Tower Bridge on the river Thames is a London icon, its image instantly recognisable across the globe and synonymous with London itself. As well as being a major road through the capital, the Tower Bridge has an exhibition which is open to visitors, who can climb the steps to the top, walk across the glass ceiling over the river and explore the depths of the engine rooms. If you time your visit well, you may even get to be over the bridge when it opens to allow boats through.
Built between 1886 - 1894 to open up the East End of London, the bridge is a marvel of Victorian engineering. It was built when London was the busiest trade port in the world and was only getting busier; it could take people an hour to cross London Bridge which is just up river. A new bridge was needed, but one that would lift to allow in the huge boats who were making their way up the Thames to the docks. The distinctive and unusual upper walkway only exists to allow pedestrians to cross when the bridge below opens to allow boats through and so is closed to traffic.
Tower Bridge used to open about 9,000 times a year, or 25 times a day, which could have brought London to a complete standstill at the time if foot traffic hadn't been able to keep moving. Its highest recorded opening was in 1910 when it opened 64 times in one day. The bridge now opens about 900 times a year.
Tower Bridge is a bascule bridge - essentially just two giant seesaws with weights which raise and lower the two halves. Cogs and chains move the weights, all controlled by machinery which was powered by steam until 1976, when it was replaced with electricity.
At Queen Victoria's request it was designed to blend in with the Tower of London which is right next to it ad some mocked it for its neo-Gothic style, yet today it stands out as one of the few places in the area which look like 'authentic' London with its carved arches, turrets towers and ornamentation, all of which give it a rather fanciful yet distinctive look.
Visiting Tower Bridge
A visit to Tower Bridge starts on the north side of the bridge at the small ticket office which leads directly to the stairs of the north tower. The very first thing you notice as you enter is the smell of oil, that subtle yet pervasive aroma of machinery.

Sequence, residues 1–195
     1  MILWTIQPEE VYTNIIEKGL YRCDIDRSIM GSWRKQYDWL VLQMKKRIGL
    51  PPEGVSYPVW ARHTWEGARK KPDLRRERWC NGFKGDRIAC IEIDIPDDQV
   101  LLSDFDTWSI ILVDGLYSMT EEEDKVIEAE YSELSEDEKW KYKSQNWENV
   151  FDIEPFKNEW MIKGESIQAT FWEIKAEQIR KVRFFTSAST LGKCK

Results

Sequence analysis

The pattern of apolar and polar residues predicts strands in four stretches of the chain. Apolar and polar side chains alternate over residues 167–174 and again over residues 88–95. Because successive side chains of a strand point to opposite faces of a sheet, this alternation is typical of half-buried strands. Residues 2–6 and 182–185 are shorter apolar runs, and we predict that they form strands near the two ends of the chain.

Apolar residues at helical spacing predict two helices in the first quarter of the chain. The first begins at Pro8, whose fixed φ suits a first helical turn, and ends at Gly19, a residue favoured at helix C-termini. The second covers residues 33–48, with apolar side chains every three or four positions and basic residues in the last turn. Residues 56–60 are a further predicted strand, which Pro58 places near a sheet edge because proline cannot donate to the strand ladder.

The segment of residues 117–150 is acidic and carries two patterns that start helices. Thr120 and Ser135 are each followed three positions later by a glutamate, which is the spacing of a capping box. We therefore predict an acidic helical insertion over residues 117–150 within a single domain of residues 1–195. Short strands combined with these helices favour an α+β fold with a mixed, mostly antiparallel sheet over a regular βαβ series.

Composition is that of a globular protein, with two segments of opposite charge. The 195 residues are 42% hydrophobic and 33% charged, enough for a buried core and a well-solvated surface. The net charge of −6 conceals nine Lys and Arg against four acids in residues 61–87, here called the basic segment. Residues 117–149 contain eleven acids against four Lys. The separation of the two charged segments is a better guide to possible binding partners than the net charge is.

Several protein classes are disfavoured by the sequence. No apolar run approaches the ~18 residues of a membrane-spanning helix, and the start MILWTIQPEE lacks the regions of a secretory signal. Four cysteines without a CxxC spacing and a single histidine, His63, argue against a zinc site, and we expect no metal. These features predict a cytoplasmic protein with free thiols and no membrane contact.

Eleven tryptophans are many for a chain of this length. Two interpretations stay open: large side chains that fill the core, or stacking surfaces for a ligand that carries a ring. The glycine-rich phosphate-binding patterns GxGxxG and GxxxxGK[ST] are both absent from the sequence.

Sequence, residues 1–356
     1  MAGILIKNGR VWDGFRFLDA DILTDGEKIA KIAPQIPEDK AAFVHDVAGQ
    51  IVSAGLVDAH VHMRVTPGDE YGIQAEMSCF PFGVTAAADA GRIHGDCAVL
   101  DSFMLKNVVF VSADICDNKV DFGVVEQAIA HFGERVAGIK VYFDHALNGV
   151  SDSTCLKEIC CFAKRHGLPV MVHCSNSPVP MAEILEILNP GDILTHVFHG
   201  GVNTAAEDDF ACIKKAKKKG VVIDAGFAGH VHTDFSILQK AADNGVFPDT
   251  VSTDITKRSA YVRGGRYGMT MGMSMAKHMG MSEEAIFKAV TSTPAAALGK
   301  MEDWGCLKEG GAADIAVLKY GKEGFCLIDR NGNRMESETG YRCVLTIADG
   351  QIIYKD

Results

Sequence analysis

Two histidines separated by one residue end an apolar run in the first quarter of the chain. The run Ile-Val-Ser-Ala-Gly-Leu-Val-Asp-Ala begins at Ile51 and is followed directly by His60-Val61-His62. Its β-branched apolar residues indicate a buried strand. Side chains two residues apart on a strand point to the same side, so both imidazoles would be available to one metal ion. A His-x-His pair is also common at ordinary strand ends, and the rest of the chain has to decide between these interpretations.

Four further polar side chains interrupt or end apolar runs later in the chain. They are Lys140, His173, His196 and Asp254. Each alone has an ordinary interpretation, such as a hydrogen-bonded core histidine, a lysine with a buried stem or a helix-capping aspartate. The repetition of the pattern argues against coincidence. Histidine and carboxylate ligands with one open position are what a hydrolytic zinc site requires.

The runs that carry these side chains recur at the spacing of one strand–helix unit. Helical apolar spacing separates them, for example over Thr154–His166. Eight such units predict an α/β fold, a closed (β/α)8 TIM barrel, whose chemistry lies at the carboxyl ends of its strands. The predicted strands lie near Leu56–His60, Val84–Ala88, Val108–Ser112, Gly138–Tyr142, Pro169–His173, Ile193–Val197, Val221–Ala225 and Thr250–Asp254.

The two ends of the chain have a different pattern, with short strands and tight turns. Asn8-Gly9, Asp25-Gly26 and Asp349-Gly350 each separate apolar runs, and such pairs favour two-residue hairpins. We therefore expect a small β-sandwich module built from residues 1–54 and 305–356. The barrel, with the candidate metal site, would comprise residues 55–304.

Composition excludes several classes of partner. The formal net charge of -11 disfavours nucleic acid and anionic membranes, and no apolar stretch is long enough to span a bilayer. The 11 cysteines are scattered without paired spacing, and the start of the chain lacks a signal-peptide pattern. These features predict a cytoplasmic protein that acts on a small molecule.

After climbing a few sets of stairs you realise just how well crafted and immaculate your surroundings are, with thick layers of glossy paint and precise detailing throughout. Every spindle is decoratively shaped, the wood panelling in the walls is at careful slanted angles, the Victorian lamps have incredibly ornate brackets, the rivets stand out in precisely lined rows, the glass in the windows is diamond-shaped leaded panes.
On the way up the stairs are several information panels with facts and figures about the tower, and on each of the landings are small displays. One is about the way the bridge was built and how the divers had to work for 9 hours at a time in those heavy old fashioned diving suits, one of which is on display, to construct the cassions, the underground chambers which hold the weights to raise the bridge.
One display is the office of the site architects and engineers who built the bridge. The final landing you reach is at the top, where you can rest for a while and watch black and white footage of the bridge throughout its history and marvel at the engineering around you while you catch your breath from the climb.
Once recovered, it is time to head out on to the walkway over the Thames.
The first thing you notice are the views. Even on a cloudy day they are far reaching and spectacular - you can see down just one side of the Thames (the other walkway blocks the other side). There are a few tiny little windows up there at head height, just big enough to get a camera through, so you can take pictures without glass in the way: the dome of St. Pauls, the brooding D-Day ship HMS Belfast, the walkie-talkie skyscraper with its Skygarden, the famous Shard and those ever present cranes as they knock down quirky old London and replace it with more chrome, steel and glass.
The walkway is flanked by white metal beams, the sunlight leaving crisscross patterns on the polished wooden floor. Halfway down the walkway is a glass floor and above it is a mirrored ceiling which was installed in 2014. The walkway had never really been used by pedestrians to cross the bridge as the steps made it hard work - in fact for many years it had been the place to go for the seedier side of London life.
Before booking tickets, I had looked on the official website for the bridge opening times, and so had been able to plan our visit to coincide with being on the walkway as it opened for the Dixie Queen, a charter party boat. We had arrived on the walkway a bit too early, so we spent half an hour sitting on a handy bench watching the other visitors pass us by, and the boats, traffic and pedestrians pass 40 metres underneath our feet.
We did enjoy watching people's reactions to the glass floor. Most kids ran straight for it and revelled in running over it or peering down through their feet in astonishment. A few adults would gingerly step on it but then gain courage and walk across it smiling. My favourites were the ones who would stand there looking a bit awkward, as if being an adult they really shouldn't be getting such a kick from standing on a glass floor over a bridge.
The most entertaining was a group of about 8, with one woman making a huge fuss out of stepping on it, her family all trying to coax her across.
She kept refusing and just stood there wringing her hands, peering over the glass and and darting back in horror. She milked it for quite some time with an increasing amount of melodrama, until she eventually crossed it with her family by her side, their attention all firmly fixed on her; I suspect exactly what she had wanted from the start.